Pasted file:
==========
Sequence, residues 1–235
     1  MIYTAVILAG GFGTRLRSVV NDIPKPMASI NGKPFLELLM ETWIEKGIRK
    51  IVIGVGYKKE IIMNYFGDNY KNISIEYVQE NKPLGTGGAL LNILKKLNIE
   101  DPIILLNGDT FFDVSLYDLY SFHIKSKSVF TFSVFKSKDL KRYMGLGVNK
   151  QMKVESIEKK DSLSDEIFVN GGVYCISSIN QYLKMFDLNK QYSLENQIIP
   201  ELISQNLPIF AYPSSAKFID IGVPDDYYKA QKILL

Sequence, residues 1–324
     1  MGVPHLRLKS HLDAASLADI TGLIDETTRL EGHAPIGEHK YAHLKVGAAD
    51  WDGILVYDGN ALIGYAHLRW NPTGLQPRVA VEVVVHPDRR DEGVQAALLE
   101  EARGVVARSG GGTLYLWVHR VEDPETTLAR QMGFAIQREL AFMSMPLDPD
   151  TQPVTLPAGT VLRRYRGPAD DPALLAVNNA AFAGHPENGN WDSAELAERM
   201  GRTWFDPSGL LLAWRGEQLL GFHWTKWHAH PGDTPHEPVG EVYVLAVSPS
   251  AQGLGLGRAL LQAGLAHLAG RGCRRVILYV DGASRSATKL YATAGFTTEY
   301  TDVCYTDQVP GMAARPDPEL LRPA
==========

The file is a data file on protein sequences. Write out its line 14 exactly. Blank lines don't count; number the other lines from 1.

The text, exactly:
   301  TDVCYTDQVP GMAARPDPEL LRPA